Tuesday, April 30, 2019


When I was little, I drew a lot and made my Os with dots in the center.  I remember my brother telling me that wasn't right, but I insisted it was, I knew I was right.  And looking back, I was!  I have always been an artist, and I know beauty when I see it.

Sunday, April 28, 2019

children's books 102

 Arthur's Artichoke is a delightfully strange book with a pleasing story and illustrations by Geoffrey Moss.  Lines from this book pop out with unexpected humor, and the story takes a few surprising twists and turns.  The subject matter alone is unusual, and the scratchy drawing style complements it well.  
Arthur is an attendant at the zoo, and one night he buys an artichoke on his way home.  Instead of eating it, he adopts it as his pet because he thinks it has a real heart.  
"Having a pet artichoke was no sillier than keeping a turtle with an American flag painted on its back."
Arthur takes his pet for walks and rides on a bicycle, even when other people laugh at him. 
 "But Arthur was not shaken.  He knew he had the most unusual pet in the world, a vegetable with a loving heart."  
While working, he loses his precious pet and thinks it is gone forever.
"...Arthur returned to the zoo without his green companion.  He walked around muttering softly about the tragedy.  Sometimes he just leaned against the treadmill in the hedgehog house for hours.  "Never will I have another pet.  My artichoke broke its heart," Arthur kept whispering."
Little did he know the artichoke had ripened and burst, spreading its seeds all over the zoo.  Though it is not spelled out in a happy ending, you can see Arthur will find happiness again.

Sunday, April 7, 2019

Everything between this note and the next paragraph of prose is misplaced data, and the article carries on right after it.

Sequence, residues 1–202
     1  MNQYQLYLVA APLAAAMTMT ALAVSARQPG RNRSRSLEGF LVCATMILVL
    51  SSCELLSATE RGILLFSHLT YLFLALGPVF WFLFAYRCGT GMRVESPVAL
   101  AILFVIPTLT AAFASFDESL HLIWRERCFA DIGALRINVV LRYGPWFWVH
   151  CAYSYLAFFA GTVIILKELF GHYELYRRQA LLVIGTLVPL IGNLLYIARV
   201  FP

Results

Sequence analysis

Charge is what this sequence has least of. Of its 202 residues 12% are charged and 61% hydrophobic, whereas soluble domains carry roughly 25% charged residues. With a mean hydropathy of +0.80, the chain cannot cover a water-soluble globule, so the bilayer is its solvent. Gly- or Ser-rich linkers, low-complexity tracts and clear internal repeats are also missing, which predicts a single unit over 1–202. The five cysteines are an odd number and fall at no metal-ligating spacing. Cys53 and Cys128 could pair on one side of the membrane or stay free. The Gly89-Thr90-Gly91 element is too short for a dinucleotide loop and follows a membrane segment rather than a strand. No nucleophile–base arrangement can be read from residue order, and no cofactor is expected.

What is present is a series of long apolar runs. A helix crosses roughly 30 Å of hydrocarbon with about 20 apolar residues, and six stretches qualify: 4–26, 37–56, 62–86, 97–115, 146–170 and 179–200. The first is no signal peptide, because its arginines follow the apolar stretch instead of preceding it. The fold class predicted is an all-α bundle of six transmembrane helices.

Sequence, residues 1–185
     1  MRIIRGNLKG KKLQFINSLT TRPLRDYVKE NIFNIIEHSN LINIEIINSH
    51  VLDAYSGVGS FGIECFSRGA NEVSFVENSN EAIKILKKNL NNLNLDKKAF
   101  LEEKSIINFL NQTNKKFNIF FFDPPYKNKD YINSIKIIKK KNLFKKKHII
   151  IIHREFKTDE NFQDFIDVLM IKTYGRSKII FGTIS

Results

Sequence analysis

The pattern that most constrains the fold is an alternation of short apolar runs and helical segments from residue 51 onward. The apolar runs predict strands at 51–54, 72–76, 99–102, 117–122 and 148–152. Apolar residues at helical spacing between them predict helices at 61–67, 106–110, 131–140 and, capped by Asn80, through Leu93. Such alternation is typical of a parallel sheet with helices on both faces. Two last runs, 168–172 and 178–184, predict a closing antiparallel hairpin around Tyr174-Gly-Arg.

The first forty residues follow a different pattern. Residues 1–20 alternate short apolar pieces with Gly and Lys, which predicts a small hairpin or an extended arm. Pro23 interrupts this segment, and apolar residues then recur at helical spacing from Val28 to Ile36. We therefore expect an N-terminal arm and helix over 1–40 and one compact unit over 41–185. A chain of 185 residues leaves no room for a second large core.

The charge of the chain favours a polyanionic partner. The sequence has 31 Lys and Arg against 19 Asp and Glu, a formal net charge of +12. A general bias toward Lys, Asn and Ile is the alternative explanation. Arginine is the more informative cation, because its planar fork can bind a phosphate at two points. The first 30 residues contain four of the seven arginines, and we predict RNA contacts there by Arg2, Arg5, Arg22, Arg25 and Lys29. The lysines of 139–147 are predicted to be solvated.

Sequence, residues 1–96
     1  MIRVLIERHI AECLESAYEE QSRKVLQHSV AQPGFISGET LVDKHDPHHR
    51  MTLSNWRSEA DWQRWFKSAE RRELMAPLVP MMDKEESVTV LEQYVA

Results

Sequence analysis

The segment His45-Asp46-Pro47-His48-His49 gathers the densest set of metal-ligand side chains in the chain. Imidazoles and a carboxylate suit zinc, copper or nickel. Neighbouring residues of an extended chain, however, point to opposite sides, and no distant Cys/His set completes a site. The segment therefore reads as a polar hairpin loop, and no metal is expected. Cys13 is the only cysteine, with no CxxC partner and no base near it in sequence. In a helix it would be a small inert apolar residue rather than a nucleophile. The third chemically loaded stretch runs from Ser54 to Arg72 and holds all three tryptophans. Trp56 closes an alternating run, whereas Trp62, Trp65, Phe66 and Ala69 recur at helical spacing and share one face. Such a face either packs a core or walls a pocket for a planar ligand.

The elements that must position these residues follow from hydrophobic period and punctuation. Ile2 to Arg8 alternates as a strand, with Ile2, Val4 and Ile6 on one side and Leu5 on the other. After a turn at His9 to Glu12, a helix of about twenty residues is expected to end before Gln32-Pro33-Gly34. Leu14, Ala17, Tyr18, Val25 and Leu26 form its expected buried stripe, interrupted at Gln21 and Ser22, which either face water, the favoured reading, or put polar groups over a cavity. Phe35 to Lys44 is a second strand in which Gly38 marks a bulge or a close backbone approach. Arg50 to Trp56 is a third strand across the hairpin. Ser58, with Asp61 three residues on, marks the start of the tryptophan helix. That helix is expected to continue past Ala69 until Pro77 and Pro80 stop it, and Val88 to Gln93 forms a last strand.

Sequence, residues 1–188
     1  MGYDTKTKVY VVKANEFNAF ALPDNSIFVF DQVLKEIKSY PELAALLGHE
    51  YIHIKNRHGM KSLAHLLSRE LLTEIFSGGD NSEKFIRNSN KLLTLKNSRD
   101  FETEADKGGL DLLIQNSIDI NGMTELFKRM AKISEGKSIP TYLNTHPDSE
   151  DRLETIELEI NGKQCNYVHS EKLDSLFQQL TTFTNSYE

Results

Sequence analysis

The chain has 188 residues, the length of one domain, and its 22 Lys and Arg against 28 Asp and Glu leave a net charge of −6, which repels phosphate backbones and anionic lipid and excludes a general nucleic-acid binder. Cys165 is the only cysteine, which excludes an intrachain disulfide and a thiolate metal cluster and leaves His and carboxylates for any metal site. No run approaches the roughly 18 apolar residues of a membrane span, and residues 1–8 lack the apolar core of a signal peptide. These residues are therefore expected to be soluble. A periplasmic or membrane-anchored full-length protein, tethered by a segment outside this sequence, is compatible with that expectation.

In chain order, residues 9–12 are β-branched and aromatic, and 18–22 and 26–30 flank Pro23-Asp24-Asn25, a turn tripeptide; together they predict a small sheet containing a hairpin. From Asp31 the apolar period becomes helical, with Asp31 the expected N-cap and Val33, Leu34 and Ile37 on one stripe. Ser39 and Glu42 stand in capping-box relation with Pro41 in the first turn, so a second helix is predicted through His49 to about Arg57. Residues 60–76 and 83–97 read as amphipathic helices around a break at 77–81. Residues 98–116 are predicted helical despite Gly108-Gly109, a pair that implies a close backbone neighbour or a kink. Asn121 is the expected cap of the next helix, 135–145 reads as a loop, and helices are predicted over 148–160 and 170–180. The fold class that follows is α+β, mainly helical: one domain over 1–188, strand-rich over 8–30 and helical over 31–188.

for your pet rock's vacation

Here is a funny treasure I found at The Eclectible Shop in Winston, a jam-packed maze of books, records, framed art, and interesting objects.  This darling rock car and camper painted by artist Julia Byers Frye will be a front row addition to my wee stuff collection.

Friday, April 5, 2019

frosting taken further

A cake can be yummy enough on its own but with frosting, an even sweeter experience.  Piping with tips takes it a step further and turns dessert into a special occasion.  The book Wilton The Uses of the Most Popular Decorating Tips makes it look easy to add flowers, leaves and garlands to make your cakes fun and fabulous.

Monday, April 1, 2019

rolling bowling

It was a lovely weekend for a picnic at Miller Park in Winston, and I learned the difference between the Italian game bocce and the French game pétanque, also known as boules.
Bocce courts are much longer at 13 x 91 (I've also read 8 x 60) feet, and pétanque courts are 13 x 50 (or 10 x 43). This is because bocce is more of a bowling game with balls rolled palm up whereas pétanque is more of a tossing game with balls released palm down, creating a back spin and many more divots!  Bocce balls are larger and usually made of wood while pétanque balls are smaller and heavier, made of steel or iron. Scoring is similar in both games with points earned by getting the larger balls as close as possible to the small ball, called pallino ("bullet" or "little ball") and cochonnet ("piggy" or "jack"). Though my set is labeled for bocce, I now know I have been playing bocce with pétanque balls.
 But either game can be played anywhere, on gravel, grass or sand with any kind of balls like croquet balls or baseballs.  There is even a miniature version with marbles. I like the weight of my boules and how the silver finish is coming off more and more as the balls clink and show their pretty copper core. I'm not picky about how someone throws, and I often can't remember the score. I might enjoy a natural setting a bit more with rocks, hills and permanent divots that would make the game more interesting, but I just like being out in the sun and appreciate what a unique and fun place I have so close by. Miller Park has eight bocce courts and nine pétanque courts, and the wonderful spring weather is getting people out playing together now.